Death - I took a look at some stuff online about the Italian grips. When you hold the weapon, does it end up being "in parallel" with your forearm, similar to a pistol grip? After the stuff I saw, I'm seriously wanting to try it, because I want something that "absorbs" more of my grip than a French, but I definitely don't want a pistol-grip. Do you know of any good places on the web I can read up about it? I'm just really curious about it; the only place I found was St. Louis Univ. site, but it seemed rather outdated.
The Italian grip is held very similarly to a pistol grip. Forefinger on the Ricasso, middle finger on the crossbar, thumb over top of the Ricasso. Very often, a strap known as a Martingale wraps around the pommel and wrist, in order to help affix the correct blade positioning (one must be careful, however, that the pommel can slide out from under the Martingale; according to the USFA, you can't use a device to aid in throwing-and-retrieving your blade).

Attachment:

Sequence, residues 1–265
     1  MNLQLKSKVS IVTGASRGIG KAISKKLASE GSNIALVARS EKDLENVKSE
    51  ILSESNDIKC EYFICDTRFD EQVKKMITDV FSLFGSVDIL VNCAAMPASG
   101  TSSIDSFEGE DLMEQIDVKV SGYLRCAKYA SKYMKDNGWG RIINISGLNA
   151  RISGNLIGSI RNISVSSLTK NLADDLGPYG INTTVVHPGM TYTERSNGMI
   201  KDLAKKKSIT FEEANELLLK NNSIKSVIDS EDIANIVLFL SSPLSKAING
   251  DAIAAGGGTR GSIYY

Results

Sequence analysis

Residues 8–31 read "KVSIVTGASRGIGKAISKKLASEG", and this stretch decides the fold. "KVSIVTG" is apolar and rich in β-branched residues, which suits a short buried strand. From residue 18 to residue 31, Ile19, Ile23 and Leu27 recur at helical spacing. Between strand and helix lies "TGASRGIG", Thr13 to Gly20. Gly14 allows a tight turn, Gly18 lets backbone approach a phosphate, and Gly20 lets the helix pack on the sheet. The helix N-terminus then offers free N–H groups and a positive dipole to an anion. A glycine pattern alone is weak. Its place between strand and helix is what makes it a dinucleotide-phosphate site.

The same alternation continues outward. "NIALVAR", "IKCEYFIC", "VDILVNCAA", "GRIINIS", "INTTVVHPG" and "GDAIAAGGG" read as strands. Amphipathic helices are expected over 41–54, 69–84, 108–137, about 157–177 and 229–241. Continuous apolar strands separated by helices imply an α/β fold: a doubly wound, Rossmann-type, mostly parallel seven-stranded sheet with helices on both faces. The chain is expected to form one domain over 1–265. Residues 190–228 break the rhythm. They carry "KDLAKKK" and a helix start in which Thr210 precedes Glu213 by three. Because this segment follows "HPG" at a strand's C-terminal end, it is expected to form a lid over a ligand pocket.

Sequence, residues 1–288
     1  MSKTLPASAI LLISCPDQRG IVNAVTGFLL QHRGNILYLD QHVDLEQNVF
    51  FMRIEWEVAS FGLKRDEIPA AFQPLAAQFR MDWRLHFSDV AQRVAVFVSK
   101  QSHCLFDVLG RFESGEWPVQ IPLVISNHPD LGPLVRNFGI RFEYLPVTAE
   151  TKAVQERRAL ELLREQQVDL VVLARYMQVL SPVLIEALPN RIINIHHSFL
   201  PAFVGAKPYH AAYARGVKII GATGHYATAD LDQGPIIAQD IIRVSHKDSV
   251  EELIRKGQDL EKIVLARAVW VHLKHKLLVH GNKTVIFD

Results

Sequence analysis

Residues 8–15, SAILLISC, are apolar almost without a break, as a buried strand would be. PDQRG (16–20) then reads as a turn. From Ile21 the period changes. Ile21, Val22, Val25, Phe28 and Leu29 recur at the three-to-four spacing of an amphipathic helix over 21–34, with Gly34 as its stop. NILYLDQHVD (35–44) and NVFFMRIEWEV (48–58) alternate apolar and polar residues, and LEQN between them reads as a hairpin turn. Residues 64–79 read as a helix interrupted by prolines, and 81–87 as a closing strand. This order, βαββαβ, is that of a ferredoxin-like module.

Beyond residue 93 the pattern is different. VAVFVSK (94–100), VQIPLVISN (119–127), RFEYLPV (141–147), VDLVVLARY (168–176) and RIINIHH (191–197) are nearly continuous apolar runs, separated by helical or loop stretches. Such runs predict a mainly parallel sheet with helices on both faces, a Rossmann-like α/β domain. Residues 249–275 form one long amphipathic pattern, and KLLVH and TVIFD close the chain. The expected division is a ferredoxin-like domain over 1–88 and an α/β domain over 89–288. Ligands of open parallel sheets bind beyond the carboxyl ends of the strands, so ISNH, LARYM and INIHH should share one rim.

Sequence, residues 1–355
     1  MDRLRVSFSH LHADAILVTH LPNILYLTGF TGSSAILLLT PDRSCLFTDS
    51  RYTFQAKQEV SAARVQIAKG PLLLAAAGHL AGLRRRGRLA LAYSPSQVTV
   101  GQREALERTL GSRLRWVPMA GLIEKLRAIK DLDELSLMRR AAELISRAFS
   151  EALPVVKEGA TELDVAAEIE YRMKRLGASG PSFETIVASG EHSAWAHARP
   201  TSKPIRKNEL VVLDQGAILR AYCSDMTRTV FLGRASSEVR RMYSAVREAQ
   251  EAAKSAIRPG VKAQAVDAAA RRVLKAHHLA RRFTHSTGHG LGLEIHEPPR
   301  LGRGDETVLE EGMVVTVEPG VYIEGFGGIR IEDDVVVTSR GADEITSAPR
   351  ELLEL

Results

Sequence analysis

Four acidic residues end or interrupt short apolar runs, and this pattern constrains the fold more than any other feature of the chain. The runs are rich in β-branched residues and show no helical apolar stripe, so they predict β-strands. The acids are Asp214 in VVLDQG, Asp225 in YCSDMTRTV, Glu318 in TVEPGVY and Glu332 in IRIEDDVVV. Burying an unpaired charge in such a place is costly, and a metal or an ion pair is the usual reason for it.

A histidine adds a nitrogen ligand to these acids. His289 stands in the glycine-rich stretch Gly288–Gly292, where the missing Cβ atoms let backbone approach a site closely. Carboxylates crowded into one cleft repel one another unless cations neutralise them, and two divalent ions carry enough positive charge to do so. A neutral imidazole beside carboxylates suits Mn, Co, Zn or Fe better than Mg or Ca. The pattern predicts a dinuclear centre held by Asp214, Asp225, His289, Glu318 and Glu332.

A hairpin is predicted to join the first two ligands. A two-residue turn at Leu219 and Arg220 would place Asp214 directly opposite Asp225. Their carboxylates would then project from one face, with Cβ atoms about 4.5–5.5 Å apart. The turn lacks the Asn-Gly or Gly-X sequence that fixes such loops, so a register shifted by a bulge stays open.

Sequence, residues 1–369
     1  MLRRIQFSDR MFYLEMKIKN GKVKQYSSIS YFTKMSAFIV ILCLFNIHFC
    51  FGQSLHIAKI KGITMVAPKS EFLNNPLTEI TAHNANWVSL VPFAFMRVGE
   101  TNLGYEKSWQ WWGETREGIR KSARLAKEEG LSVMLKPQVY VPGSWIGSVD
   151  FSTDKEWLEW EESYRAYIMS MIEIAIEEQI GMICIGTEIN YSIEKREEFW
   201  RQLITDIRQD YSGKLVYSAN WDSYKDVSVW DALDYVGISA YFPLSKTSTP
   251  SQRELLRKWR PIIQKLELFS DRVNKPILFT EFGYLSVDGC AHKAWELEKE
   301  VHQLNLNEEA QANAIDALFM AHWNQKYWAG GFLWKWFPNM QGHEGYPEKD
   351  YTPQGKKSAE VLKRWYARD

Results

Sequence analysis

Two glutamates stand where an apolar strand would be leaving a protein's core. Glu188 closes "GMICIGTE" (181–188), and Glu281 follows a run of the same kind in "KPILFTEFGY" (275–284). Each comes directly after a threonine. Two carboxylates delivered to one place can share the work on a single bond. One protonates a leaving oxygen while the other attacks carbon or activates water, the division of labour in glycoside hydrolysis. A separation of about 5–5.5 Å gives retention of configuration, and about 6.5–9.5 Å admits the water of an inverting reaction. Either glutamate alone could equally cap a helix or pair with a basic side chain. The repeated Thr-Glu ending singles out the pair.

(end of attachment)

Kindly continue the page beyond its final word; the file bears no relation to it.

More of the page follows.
Unfortunately, it's immensely difficult to find good information on Italian fencing. The best places I've found, so far, for information are as follows:
1) "The Science of Fencing," by William M. Gaugler (ISBN: 1884528058)
This is an incredibly good book on beginner-to-intermediate level fencing, and one of the only ones I've found which covers the Italian grip.
2) The Martinez Academy of Arms - http://www.martinez-destreza.com/
Maestro Ramon Martinez is one of the foremost scholars on classical schools of fencing. His academy has published numerous books and videos on Italian rapier, not to mention many other classical forms.
3) "La Spada e la sua Applicazione," (translation: The Sword and its Use) by Aurelio Greco
This is, without a doubt, THE best manual for instruction in the Italian school of sport-fencing that I have yet discovered. The only hiccup is that it's been out of print for nigh-on eighty years, now. And if you do happen to locate a copy, it is written entirely in Italian. So unless you've a good working knowledge of the language, or a friend who's willing to help you translate it, this one's pretty much out of the question.